Dyslexia is not that difficult to handle. Being dyslexic and unaware about it is quite a thing to handle. Helplessness, guilt, frustration and low self esteem are big thorns pricking you for no fault of yours. Dyslexia is not a parameter for discrimination or a matter of worry. It has nothing to do with intelligence. In fact dyslexic people have amazingly high IQ (Give me a five, fellow friends!). Consider all these famous people- Einstein, Picasso, Da Vinci, Steven Spielberg, Agatha Christie, Tom Cruise, Abishek Bachan, Steve Jobs, Robin Williams and a lot more which I’m sure would result in a long list. All the misconceptions that especially parents and school teachers have about it should be dropped. Every teacher who joins a school should be trained to identify a dyslexic child. Okay, so coming back to my story, my parents were worried. My mom knew there was something more to it than just failing but couldn’t pin point what. Prayer and Faith worked for her. One day while reading the newspaper, an article about dyslexia caught her attention. She started making enquiries and got a few leads about MDA and Ananya. That moment is what I would call a big miracle that happened in my life! I soon found myself going to Ananya for an assessment. The minute I entered the school and saw other kids, I knew I was not alone. I knew it wasn’t my fault. There was Hope! When I joined Ananya I had a big smile on my face. The fear of either repeating a year again or dropping out of school had vanished. I spent just one year in Ananya but, I would say that it was easily the best and happiest in my school life. The teachers were so warm and friendly. Their amazing teaching methods (Key points were my favourite) and giving individual attention did magic. They showered us with such positivity and motivation and built up our confidence. My classmates turned out to be such good friends. It was so easy to relate to them since they went through similar issues in school. I looked forward to going to school. The best part was getting extra time and calculator for final exams. I passed my 10th std scoring 77%. For a kid who failed all the while in school, passing out with 77% was awesome! My life had changed. My classmates and I went ahead and joined regular school in 11th. Some of my friends took commerce and others, science. They later ended up graduating in B.Com and Engineering successfully. I took Home Science and Dress designing, and passed out with 92%, topping my course in school. Viscom followed in college after that. MDA helped me in getting extra time for exams in college as well. As I’m writing this, I feel very grateful and thankful. Thanks to my most supportive parents. Thanks to my best friends from Ananya for making this rollercoaster ride a fun one! And the Biggest thanks to Ananya, MDA and the teachers who were there for us. Not to just only teach but to make a big difference in our lives. Thank you!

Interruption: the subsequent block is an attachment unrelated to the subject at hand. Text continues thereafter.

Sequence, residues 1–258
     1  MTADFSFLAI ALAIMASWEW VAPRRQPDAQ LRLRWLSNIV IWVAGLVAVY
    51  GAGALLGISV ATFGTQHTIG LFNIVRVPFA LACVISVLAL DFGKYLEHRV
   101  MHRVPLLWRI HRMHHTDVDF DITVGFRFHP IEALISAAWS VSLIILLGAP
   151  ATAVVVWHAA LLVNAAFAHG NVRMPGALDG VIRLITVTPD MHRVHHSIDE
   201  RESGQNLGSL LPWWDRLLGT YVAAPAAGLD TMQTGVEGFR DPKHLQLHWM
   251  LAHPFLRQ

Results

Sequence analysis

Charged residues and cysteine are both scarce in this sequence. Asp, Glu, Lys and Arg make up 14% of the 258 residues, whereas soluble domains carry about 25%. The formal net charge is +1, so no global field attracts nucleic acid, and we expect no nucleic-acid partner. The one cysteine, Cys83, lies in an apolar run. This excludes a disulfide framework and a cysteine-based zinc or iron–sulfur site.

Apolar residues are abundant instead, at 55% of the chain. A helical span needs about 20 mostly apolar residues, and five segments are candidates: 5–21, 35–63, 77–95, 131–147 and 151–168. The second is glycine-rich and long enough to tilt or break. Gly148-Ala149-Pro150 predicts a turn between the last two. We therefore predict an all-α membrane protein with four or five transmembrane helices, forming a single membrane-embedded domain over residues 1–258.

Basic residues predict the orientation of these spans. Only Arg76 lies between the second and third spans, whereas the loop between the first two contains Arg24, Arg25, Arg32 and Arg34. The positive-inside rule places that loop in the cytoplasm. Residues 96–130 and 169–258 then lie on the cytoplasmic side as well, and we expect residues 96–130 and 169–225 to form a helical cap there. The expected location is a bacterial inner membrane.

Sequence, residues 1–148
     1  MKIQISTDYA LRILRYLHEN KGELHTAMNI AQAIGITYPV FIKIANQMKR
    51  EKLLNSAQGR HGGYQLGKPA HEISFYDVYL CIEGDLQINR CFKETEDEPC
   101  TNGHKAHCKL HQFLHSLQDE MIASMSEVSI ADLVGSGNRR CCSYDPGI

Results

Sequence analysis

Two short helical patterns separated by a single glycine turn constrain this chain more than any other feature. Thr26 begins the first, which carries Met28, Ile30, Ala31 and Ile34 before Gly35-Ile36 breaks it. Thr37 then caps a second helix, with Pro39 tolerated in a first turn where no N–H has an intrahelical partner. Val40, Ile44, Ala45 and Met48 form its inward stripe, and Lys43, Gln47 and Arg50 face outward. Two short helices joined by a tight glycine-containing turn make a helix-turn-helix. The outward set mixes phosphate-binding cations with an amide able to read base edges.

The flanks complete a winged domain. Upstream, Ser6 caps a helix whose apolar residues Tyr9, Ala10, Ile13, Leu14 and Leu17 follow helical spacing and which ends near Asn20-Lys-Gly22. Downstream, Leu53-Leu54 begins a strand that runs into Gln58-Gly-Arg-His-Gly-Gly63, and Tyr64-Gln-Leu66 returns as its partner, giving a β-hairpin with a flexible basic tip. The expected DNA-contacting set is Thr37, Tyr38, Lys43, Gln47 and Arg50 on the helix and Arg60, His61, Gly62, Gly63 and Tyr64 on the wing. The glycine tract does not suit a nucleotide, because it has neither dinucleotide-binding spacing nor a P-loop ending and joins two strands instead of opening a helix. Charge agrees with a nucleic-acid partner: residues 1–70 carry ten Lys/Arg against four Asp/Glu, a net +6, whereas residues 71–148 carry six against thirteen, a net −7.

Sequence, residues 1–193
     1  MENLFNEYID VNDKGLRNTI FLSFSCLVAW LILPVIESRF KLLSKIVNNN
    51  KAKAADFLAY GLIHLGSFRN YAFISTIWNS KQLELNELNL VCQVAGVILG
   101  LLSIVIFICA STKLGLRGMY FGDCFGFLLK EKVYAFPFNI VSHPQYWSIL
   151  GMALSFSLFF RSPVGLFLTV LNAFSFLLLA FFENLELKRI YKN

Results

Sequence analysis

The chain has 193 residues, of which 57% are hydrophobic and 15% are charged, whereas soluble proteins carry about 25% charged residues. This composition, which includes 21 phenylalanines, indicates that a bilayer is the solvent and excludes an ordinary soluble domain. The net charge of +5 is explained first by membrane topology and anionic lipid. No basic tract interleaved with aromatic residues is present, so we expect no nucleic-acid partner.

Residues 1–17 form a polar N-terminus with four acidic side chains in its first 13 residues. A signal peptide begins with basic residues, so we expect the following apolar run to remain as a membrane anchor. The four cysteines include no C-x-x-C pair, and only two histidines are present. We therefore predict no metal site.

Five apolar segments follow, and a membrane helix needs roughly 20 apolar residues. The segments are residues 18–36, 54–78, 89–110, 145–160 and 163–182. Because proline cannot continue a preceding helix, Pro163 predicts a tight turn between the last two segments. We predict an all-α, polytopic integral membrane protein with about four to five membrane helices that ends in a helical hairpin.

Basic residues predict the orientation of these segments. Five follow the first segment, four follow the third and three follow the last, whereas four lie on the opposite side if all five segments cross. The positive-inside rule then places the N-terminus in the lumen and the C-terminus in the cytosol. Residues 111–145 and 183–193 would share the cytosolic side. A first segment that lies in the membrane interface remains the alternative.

If Children with dyslexia can't learn the way we teach, then we teach the way they learn